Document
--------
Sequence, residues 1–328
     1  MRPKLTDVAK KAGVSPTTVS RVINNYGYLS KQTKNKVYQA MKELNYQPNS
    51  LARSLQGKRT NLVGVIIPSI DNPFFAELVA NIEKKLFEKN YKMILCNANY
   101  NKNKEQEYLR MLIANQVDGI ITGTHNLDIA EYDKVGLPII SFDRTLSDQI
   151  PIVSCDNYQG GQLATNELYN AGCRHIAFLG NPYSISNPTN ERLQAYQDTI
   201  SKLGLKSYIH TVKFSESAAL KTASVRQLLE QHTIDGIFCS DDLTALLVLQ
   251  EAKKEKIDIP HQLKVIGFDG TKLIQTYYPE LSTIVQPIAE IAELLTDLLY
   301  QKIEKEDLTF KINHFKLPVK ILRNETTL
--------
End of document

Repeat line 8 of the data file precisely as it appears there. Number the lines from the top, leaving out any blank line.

   301  QKIEKEDLTF KINHFKLPVK ILRNETTL